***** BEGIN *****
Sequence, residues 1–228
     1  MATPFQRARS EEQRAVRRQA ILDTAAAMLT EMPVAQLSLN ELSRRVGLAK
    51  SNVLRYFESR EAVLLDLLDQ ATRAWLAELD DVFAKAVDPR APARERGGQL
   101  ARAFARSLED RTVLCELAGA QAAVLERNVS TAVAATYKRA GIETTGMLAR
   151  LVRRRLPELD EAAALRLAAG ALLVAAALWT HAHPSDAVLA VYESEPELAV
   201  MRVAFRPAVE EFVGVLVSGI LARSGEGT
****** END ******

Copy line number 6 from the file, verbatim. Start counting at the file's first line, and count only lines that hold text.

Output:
   201  MRVAFRPAVE EFVGVLVSGI LARSGEGT